A century of leadership
WCFE's history dates back nearly a century to a time when the University was deeply involved with problems related to developing the industrial work force in Minnesota. An educational psychology professor, Homer Smith, worked with the state legislature and Dunwoody Technical Institute to respond to social demands on labor, and Smith became a leader in an emerging field. One milestone was the Vocational Education Act of 1917.
The College of Education and Human
Development (CEHD) ranked 12th overall out of 190 graduate
education programs in the U.S. News & World Report
survey and fifth among public universities in the nation. Among the
top five public universities, CEHD's teacher licensure program is
the only one accredited by the National Council for Accreditation
of Teacher Education, making it the top-ranked, nationally
accredited, public college of education in the nation. Individual
programs in CEHD ranked as follows:
-Vocational/technical, tied for #1 with Ohio State U
-Developmental psychology (Institute of Child Development), #3
-Special education, #4
-Counseling/personnel services, tied for #4 with the U of Wisconsin, Madison
-Educational psychology, #6
-Curriculum and instruction, #9
-Elementary education, #11
-Secondary education, tied for #12 with U of Maryland, College Park; U of Texas, Austin; and U of Washington
Since then, key factors in making WCFE one of the best in the country have been a productive faculty, an entrepreneurial spirit, and success in attracting students and postdoctoral researchers from around the world, according to McLean. With faculty members from nations including the U.K., New Zealand, Canada, and China, in addition to the United States, it draws on global perspectives, Yang adds.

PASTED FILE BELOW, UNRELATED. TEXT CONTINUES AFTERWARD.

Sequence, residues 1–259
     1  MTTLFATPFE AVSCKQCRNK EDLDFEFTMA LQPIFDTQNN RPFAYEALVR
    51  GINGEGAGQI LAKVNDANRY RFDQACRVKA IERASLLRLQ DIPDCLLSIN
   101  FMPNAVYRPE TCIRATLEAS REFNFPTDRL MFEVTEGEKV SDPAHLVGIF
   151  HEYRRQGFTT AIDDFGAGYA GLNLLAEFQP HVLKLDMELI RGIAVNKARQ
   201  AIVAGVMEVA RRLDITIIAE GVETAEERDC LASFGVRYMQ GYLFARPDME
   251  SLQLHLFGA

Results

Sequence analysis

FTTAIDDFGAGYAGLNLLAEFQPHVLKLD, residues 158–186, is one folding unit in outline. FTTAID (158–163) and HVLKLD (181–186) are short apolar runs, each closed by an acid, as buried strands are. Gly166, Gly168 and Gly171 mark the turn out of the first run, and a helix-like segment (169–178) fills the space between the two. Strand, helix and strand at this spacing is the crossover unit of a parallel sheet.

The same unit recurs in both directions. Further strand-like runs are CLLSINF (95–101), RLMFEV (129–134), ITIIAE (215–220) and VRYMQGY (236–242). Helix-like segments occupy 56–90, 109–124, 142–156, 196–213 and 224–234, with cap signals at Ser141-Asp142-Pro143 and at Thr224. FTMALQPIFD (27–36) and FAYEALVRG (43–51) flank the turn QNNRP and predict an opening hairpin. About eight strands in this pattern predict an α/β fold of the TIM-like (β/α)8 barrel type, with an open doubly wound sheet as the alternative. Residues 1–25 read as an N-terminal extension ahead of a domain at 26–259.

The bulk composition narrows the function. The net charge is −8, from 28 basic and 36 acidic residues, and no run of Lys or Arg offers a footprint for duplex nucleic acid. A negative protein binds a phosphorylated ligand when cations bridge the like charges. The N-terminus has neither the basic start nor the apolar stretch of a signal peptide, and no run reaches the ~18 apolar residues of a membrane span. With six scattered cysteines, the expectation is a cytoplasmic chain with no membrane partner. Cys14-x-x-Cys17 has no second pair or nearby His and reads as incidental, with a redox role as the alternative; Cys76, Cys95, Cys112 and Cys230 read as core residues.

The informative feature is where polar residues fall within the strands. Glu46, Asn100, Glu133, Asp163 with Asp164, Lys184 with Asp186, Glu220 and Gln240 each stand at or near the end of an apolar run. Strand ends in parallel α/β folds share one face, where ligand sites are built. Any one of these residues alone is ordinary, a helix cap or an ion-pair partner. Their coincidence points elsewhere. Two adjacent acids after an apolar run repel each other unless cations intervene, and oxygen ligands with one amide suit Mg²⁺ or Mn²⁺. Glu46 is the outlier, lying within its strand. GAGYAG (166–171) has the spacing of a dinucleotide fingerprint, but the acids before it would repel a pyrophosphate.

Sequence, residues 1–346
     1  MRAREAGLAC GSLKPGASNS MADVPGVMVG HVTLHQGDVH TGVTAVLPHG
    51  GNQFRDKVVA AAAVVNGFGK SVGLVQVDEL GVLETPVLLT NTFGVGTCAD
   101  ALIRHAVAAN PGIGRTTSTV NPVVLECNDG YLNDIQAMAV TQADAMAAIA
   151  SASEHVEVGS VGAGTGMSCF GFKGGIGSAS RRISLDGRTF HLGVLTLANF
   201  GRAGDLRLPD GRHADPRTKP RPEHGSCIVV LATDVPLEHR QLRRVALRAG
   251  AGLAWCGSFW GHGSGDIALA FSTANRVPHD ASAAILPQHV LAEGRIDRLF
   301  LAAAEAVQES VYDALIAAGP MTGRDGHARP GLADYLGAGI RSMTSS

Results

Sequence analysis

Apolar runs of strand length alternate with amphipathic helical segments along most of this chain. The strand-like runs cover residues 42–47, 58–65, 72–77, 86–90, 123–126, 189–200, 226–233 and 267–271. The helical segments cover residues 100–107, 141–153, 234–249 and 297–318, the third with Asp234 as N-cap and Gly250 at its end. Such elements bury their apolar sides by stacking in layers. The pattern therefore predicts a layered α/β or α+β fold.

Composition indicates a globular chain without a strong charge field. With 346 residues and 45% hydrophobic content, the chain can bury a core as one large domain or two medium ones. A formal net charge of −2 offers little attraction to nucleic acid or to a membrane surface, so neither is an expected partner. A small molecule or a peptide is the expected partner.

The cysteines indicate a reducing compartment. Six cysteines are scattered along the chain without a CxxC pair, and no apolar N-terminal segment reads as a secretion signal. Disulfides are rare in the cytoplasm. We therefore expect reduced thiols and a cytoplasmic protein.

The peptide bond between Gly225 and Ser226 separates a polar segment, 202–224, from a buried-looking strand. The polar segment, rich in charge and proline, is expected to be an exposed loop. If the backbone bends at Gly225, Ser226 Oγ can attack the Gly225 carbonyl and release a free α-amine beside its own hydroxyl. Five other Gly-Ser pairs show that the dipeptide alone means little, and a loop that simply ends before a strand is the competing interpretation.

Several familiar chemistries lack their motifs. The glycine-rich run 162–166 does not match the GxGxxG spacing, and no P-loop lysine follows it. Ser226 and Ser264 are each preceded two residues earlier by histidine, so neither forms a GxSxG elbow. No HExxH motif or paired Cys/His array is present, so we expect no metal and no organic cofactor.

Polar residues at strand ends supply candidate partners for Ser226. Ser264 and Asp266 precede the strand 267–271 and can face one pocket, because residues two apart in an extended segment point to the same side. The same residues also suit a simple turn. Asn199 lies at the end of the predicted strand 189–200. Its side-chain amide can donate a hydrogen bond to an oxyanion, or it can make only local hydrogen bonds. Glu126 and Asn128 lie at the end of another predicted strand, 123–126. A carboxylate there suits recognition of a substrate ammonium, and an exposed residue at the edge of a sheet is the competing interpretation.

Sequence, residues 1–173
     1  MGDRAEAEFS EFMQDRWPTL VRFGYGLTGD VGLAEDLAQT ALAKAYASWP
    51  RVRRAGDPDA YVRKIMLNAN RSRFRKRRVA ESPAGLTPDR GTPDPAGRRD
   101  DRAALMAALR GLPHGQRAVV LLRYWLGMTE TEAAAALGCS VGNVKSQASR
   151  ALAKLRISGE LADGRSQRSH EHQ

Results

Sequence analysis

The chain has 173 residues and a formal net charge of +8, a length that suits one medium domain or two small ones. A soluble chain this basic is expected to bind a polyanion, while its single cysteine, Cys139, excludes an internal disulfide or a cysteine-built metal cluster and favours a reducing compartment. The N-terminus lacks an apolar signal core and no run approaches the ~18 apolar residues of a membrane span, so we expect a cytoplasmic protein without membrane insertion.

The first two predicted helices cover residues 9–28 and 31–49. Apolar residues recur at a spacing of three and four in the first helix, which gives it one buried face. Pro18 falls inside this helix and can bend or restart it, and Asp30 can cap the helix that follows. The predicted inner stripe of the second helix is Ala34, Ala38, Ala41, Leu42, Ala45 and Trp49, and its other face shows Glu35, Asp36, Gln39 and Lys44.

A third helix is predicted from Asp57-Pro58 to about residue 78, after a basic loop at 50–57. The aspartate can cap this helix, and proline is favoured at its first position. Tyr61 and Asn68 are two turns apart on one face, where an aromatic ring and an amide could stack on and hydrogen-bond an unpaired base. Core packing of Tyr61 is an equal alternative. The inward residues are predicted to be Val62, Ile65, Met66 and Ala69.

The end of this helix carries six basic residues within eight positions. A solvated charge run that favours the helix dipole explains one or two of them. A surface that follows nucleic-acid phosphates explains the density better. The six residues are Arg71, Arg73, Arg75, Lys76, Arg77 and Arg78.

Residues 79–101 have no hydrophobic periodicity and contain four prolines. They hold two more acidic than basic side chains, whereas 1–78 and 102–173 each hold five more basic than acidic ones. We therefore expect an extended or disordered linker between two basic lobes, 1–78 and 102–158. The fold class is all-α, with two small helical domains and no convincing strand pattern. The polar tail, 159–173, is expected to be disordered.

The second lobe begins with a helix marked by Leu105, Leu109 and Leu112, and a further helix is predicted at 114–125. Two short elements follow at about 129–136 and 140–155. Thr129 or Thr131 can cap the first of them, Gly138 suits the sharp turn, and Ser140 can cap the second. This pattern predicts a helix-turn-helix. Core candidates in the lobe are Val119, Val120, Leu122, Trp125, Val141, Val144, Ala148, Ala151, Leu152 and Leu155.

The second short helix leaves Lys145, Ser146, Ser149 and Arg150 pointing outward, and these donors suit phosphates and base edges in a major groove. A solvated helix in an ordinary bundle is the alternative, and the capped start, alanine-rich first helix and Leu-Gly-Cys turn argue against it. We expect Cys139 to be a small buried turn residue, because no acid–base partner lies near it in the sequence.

"One of the biggest successes has been growing the academic side of HRD," says Swanson. "This department has birthed three research journals in the field."
Being a home to the National Research Center for six years and part of the National Center Consortium, led by the University of California, Berkeley, for the previous 12 played a big part in gaining national visibility, Stone says.
Despite this year's recognition, faculty members worry about shrinking resources, providing support for graduate students, loss of key faculty, and potential restructuring in the college that may drain attention and resources. They'd like to develop greater strength in the "work" aspect of the department and become a leading knowledge base.
"'How do you work with people?' is still a really large problem," says Swanson.
Debate about education has begun to include questions about high school, says Stone, and WCFE has a history of researchers and scholars who are experts in the role of career and technical education in high school. Stone believes WCFE should continue to inform state and national policy that will help teachers prepare their students to become productive adults.
"This means having a sufficient critical mass of CTE scholars who know and understand the role of occupational preparation for youth and adults in schools, the community, and the workplace," he says. "We are well positioned to assume a major role in this discussion--if the resources are present."
What advice does the WCFE faculty have for its own workplace as the U enters into significant restructuring?
"Organizational research tells us that a successful reorganization seldom succeeds when done from the top down only, yet people in all types of organizations continue to try to do this," McLean says. "When faculty [members] understand the needs and are part of the process, the process will succeed to an extent undreamed of by those who want to control outcomes."
"Allocate resources strategically," says Yang. "View education of employees as an investment, not a cost."
U.S. News & World Report's "America's Best Graduate Schools 2006" can be found at http://www.usnews.com/usnews/edu/grad/rankings/rankindex_brief.php.